ST. PAUL — The four members of the so-called "doctors caucus" on Tuesday, Feb. 18, prescribed their plan for bringing down prescription drug prices and improving health care access.
Sens. Scott Jensen, R-Chaska, and Matt Klein, D-Mendota Heights, along with Reps. Kelly Morrison, D-Deephaven, and Alice Mann, D-Lakeville, proposed creating a state commission to assess changes in drug pricing, provide tax credits to people with high health insurance premiums and provide for four mental health visits under Minnesota health insurance plans.
The quartet, who are also physicians, said the impact for patients would be lower prescription drug prices at the pharmacy and more affordable and inclusive health insurance plans for those struggling to make ends meet. But they acknowledged that they'll face a tough path through the Legislature since leaders in the GOP-led Senate have said they don't plan to hold hearings on two of the proposals.
“When the decision is made to not hear these bills, physicians are not a quiet bunch, we don’t go quietly into the night," Jensen said, noting the group hoped to force public conversation on the bills by calling a Tuesday news conference. “This is not a shot (at Senate leadership), this is an olive branch to extend the opportunity for enhanced bipartisan approach to this important issue."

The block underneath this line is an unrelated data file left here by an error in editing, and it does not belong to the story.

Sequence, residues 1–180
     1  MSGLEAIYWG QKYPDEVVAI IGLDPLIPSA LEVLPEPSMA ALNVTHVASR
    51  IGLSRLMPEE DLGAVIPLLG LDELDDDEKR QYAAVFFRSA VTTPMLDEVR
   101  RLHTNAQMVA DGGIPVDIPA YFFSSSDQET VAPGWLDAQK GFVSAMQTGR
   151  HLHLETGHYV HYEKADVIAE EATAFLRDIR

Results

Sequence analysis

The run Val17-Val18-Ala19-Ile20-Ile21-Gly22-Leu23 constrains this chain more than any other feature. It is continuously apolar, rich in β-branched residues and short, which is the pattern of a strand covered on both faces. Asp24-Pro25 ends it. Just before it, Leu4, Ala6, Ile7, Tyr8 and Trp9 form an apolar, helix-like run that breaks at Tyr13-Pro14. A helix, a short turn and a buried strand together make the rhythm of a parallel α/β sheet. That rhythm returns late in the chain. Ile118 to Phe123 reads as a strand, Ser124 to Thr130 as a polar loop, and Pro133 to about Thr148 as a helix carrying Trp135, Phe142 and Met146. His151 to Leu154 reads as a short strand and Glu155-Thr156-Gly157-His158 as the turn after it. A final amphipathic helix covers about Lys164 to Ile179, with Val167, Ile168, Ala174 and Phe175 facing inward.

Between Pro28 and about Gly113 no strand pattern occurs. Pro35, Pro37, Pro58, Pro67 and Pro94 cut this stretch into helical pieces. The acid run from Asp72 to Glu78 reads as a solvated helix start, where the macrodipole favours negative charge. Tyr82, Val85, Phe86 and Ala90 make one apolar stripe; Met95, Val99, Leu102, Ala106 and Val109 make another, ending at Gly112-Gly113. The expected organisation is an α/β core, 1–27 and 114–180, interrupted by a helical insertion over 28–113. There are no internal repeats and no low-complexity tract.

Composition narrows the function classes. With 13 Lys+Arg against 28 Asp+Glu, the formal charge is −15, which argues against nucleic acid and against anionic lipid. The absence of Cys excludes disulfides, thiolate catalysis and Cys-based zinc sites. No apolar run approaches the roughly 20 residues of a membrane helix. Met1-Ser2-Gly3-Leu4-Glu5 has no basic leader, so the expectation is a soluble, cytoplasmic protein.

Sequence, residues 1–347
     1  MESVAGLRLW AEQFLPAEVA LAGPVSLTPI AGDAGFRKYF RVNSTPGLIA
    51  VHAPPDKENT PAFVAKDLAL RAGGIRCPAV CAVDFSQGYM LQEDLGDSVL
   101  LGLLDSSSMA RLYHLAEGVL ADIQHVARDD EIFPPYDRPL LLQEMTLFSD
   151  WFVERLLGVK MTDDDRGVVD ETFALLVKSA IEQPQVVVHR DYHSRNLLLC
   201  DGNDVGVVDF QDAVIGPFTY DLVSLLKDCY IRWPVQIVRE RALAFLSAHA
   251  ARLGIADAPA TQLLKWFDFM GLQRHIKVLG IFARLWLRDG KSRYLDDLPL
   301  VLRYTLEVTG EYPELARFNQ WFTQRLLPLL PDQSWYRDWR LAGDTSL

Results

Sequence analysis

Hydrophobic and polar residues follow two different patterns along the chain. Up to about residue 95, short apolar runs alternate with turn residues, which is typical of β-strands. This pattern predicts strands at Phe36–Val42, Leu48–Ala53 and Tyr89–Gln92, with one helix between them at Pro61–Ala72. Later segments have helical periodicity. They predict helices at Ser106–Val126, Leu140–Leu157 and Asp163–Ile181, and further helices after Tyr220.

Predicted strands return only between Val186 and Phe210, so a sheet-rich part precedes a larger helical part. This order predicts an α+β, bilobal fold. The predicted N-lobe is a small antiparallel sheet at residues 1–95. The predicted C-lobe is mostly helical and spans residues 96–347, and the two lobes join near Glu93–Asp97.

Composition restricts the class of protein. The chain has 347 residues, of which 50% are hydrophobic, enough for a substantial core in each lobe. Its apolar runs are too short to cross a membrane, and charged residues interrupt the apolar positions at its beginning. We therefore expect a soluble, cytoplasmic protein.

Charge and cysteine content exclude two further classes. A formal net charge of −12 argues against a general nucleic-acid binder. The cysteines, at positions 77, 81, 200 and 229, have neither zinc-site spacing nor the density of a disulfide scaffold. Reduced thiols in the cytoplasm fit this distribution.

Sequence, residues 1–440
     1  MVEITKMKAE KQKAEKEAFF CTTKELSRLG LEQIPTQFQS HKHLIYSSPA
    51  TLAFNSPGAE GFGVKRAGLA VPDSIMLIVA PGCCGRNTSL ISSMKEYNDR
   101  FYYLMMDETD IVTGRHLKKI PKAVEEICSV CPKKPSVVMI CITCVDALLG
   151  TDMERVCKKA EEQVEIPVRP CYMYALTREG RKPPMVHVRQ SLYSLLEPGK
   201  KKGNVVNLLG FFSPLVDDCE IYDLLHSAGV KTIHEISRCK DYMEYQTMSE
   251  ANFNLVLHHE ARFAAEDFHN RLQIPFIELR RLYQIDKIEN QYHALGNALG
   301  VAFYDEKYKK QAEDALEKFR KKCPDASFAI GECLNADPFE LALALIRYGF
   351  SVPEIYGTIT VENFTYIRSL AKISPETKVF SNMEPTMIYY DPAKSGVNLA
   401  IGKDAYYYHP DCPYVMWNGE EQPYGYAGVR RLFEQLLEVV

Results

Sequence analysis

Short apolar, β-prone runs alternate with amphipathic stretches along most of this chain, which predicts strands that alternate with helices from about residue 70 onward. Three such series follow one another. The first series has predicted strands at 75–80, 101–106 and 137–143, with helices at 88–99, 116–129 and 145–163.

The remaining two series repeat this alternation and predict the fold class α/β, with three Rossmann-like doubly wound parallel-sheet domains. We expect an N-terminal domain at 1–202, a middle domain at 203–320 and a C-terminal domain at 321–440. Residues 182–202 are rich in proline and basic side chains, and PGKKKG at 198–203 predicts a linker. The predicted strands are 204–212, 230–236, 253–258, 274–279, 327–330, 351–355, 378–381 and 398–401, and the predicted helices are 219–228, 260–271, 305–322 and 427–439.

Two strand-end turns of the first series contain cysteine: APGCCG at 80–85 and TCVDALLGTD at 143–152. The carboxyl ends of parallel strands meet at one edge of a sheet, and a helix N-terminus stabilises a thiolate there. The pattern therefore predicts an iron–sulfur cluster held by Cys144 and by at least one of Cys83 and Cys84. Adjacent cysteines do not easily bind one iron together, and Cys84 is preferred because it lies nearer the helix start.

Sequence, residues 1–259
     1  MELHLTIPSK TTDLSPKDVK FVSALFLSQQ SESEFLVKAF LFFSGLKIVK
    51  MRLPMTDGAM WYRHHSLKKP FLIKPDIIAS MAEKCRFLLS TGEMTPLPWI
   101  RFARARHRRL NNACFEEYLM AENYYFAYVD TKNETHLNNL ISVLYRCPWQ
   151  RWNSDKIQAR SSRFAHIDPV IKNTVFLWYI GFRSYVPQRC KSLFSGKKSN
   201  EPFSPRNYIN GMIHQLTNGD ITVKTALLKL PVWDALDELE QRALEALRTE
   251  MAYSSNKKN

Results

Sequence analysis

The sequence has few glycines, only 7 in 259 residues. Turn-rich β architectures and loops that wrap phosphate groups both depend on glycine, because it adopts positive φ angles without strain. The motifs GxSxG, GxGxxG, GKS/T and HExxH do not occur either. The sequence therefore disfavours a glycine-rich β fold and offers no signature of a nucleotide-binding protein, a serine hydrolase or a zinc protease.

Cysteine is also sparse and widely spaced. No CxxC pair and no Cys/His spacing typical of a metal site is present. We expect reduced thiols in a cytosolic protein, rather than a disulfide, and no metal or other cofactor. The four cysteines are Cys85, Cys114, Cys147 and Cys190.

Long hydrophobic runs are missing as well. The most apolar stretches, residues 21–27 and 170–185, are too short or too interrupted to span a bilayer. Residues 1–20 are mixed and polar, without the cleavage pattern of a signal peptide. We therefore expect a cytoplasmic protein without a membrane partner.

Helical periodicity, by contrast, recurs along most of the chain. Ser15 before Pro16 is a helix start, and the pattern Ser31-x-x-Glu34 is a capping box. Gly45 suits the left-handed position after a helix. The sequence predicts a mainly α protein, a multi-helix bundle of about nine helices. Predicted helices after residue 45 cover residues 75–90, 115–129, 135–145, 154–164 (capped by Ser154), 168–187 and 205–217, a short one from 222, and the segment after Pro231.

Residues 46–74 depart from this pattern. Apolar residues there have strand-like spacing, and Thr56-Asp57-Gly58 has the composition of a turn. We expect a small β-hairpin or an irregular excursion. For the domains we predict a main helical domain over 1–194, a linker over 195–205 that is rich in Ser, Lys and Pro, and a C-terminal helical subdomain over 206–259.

The group's ideas came from a state Senate committee focused on deriving solutions to the affordability issue. And the four lawmakers said the plans should at least be taken up in committee this year to help ease the financial burden on Minnesotans.
"The out of control price of prescription drugs has reached a point that action is required," Morrison said. "The state has the legal authority, and frankly, the responsibility to take action to address this problem."
They also noted that two of the members, Jensen and Mann, plan to retire next year, halving the doctors caucus. Jensen said if the quartet was unable to push the legislation through in 2020, it would be up to the remaining members "not to drop the ball" in 2021.
AARP Minnesota issued its endorsement of the proposals and said they were key to making health care more affordable for Minnesotans.
"Recognizing that prescription drugs are a public good and they're universally needed is no different than how we think about public utilities," Will Phillips, the group's executive director, said. "Just as when the basic health and safety of our citizens is at risk, when electricity or natural gas becomes unaffordable, the same is true when people cannot afford the medications they need."
A separate plan advancing in the Minnesota Senate would require drug manufacturers to alert the Department of Commerce if they plan to increase the price of prescription drugs by a certain amount and provide and explanation for the increase. Those who failed to provide that information could be subject to civil penalties.